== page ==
Plugins are additional tools that I think are most important for toplining because they can really create a signature vocal sound when used in combination consistently. My go-to compressor is Gain Reduction by Joey Sturgis Tones because it is very affordable and yields radio results fast. It is designed for screams and very aggressive vocals, but when dialing back the settings it is great for any genre. My favorite reverb and EQ plug-ins are the RC reverbs and Solid EQs from Native Instruments because they are also affordable, easy to use, and sound awesome. Waves kills it as well and I particularly love H-Delay and the J37 tape machine for my time based effects. I also use the tape machine at the end of my vocal mixes to round out harshness and give some analog-style warmth.
Allan has written hits like 'Crazy' by Lost Frequencies and 'Evacuate The Dancefloor' by Cascada. Thanks to Allan and VK Creative A&R, Alex Ter Horst, I went from zero to 18 Million streams across all online platforms in two years. Without both of them, along the DJs that believe in the songs, my creative process would have no growth or platform to be heard. Allan also critiques and provides feedback on every song I write which helps me continue to become the best version of myself. The biggest thing he taught me was to not get caught up or stressed about the future.
On the flip side I've been lucky to have hundreds of songs rejected. This keeps me grounded and free of self doubt because there's always a home for rejected song somewhere. 'Satellites' is a great example. I had written that song back in 2017 and it got rejected. Turns out that's cause it was meant to be with KAAZE! I wouldn't have it any other way.
Tell us about your latest track with KAAZE, "I Should Have Walked Away."
KAAZE and his wife Samantha are amazing people. Being someone who grew up on rock music, I instantly connected with his music and vision. After featuring on the Guestlist4Good Anthem - KAAZE Mix, I messaged him on twitter to give thanks for his work on the track. We started talking about follow up work and I sent him my demo for 'Satellites.' He sent me a fully produced version the next day. It's was so awesome!
During the production of 'Satellites' we began working on more songs, one of which was 'I Should Have Walked Away.' It took a few months and we made a couple changes, but there weren't any really big challenges we had to overcome in the studio. This is why I love working with KAAZE because we are very efficient in our process together even when we're working across the world through the internet.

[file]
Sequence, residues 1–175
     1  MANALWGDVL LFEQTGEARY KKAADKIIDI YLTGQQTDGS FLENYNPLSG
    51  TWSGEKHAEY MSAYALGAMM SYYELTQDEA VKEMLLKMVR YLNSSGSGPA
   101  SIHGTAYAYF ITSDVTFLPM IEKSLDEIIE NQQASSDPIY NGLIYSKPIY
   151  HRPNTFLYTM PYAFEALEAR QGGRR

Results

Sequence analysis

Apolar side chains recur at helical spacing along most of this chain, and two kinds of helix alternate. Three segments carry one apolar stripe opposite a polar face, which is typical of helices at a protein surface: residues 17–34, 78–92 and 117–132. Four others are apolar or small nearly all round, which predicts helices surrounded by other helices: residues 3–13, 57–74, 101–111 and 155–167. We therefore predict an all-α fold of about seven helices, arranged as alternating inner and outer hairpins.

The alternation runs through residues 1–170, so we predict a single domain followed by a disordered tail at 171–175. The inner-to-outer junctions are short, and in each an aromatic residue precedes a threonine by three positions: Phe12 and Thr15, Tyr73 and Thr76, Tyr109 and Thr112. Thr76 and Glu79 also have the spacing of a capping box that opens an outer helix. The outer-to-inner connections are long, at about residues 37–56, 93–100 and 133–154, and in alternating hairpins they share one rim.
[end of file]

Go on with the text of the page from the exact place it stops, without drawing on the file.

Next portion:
What does a normal day in the life of Nino Lucarelli look like?
I work a full time day job Monday through Friday, but manage my time to spend anywhere from 16-20 hours a week on music. When I'm not at work or in the studio, I love to play video games and hang out with my fiance and our two dogs. I believe a perfect balance is very hard to find, but I seem to stumble my way through the day with a level head and a positive mindset (thanks to a lot patience from my fiance!).
Gaming is something that has always been a big de-stressor and second passion of mine. I have all the major consoles along with a PC I built myself. I love to jump in with my friends on battle royale and first person shooters like PUBG, Battlefield, and most recently Apex Legends. In my studio B room I have a music production station on one wall and the desktop gaming rig on the other. This allows me to go back and forth between working on productions and letting off some steam in a match or two.
Splitting up time between work, music, myself, and family is very hard if I don't work together with my fiance to schedule things out. Often times I come home from working 7am to 4pm then get in the studio to finish writing and recording a vocal before dinner and walking the dogs. I'll produce the vocal before bed on my laptop and then repeat the whole process the next day. Saturday and Sunday mornings are usually a great time for me to get longer studio sessions in, but I try to call it by noon so I can have a personal life for the rest of the day.
I also have to travel for work a few times a year which I need to prepare for ahead of time to keep my music moving forward when I'm away from home. Fortunately, since I've been employed as a Video Production Specialist for over 6 years, my time off accrual rate is high. This really helps out when I take a trip to Amsterdam for ADE or Dancefair. Overall, juggling my work life balance is often tiring, but I know it will soon be worth it.